notarboca, I'd be very surprised if Airbus *didn't* do the type of tests you mention. The 15 slides shown in my previous story on the 350, "Slideshow: Anatomy of a Composite-Heavy Jetliner" http://www.designnews.com/author.asp?section_id=1392&doc_id=264009 are a mere smattering of all the various press releases and announcements made on the many, many steps during this entire process, and many of those represent a ton of different tests. Commercial aircraft must go through a very rigorous testing process, much more extensive than that of military aircraft. We've discussed this, regarding composites, here: http://www.designnews.com/document.asp?doc_id=235863 and here: http://www.designnews.com/author.asp?section_id=1386&doc_id=235214 Airbus seems to have learned from Boeing's mistakes.
Ann, TJ-- I, too, would like to see composite fatigue results. Fatigue kills airframe components! The only way the US Air Force has been able to keep B-52s airworthy is to address this, since the wing flexes about 6 feet with every takeoff and landing cycle. Quite a maintenence effort.
I doubt Airbus has taken a horizontal stablizer into a test bed and twisted/jerked it six ways from Sunday to see fatigue results. Most probably rely on computer modelling, but I hope not.
@Murray: Yes sounds like that to me too. You need to provide the fullest support towards industries like aviation since they are the things which carries the industry forward if its right on track with technology.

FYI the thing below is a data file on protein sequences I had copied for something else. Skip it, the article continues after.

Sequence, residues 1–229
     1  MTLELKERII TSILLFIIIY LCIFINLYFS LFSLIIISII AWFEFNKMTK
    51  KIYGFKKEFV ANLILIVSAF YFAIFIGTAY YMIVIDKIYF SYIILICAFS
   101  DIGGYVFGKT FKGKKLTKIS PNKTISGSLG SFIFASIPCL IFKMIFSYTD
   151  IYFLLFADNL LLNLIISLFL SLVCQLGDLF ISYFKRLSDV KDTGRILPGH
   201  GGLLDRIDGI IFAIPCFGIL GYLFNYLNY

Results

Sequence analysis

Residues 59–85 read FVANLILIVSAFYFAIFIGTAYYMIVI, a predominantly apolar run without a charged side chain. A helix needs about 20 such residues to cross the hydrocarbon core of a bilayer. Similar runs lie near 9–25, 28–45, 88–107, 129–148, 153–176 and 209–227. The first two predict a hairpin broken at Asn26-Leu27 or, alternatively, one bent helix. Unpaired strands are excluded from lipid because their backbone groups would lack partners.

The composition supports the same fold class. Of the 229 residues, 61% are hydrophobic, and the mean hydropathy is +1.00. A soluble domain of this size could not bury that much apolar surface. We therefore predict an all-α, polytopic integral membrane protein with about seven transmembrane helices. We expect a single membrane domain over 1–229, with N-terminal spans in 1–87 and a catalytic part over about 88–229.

Yes, I saw that poll. That's the power of bad press. The fact that this is old tech, not new tech, at fault makes me nervous, because that indicates a systemic problem, like one of QA/maintenance. If anything, you'd think those oversight-type systems would be tightened on the 787 by now, not loosened.
Thanks, Rob. So now it's a brake indicator problem--not exactly new technology. At least the most recent problems have been mechanical, and not related to new technologies. OTOH, one wonders why they happened at all.
Truchard will be presented the award at the 2014 Golden Mousetrap Awards ceremony during the co-located events Pacific Design & Manufacturing, MD&M West, WestPack, PLASTEC West, Electronics West, ATX West, and AeroCon.
In a bid to boost the viability of lithium-based electric car batteries, a team at Lawrence Berkeley National Laboratory has developed a chemistry that could possibly double an EV’s driving range while cutting its battery cost in half.
For industrial control applications, or even a simple assembly line, that machine can go almost 24/7 without a break. But what happens when the task is a little more complex? That’s where the “smart” machine would come in. The smart machine is one that has some simple (or complex in some cases) processing capability to be able to adapt to changing conditions. Such machines are suited for a host of applications, including automotive, aerospace, defense, medical, computers and electronics, telecommunications, consumer goods, and so on. This discussion will examine what’s possible with smart machines, and what tradeoffs need to be made to implement such a solution.